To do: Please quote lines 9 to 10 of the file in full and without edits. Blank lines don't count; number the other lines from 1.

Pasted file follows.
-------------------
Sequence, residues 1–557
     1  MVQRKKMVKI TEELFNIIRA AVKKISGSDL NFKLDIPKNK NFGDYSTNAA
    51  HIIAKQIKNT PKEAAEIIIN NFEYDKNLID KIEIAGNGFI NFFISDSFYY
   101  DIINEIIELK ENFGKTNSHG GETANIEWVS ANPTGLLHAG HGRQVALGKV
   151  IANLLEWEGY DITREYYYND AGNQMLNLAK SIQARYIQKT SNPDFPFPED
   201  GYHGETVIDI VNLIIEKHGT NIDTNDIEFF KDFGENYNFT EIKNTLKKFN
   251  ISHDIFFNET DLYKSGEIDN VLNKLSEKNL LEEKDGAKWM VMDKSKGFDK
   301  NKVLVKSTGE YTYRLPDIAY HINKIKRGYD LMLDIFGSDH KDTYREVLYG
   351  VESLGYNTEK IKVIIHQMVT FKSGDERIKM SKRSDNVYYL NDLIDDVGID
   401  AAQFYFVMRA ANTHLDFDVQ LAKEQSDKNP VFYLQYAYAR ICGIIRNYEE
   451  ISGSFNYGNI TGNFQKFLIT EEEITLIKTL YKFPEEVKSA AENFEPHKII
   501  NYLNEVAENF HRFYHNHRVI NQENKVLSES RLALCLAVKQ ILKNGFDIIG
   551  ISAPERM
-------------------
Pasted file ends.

   351  VESLGYNTEK IKVIIHQMVT FKSGDERIKM SKRSDNVYYL NDLIDDVGID
   401  AAQFYFVMRA ANTHLDFDVQ LAKEQSDKNP VFYLQYAYAR ICGIIRNYEE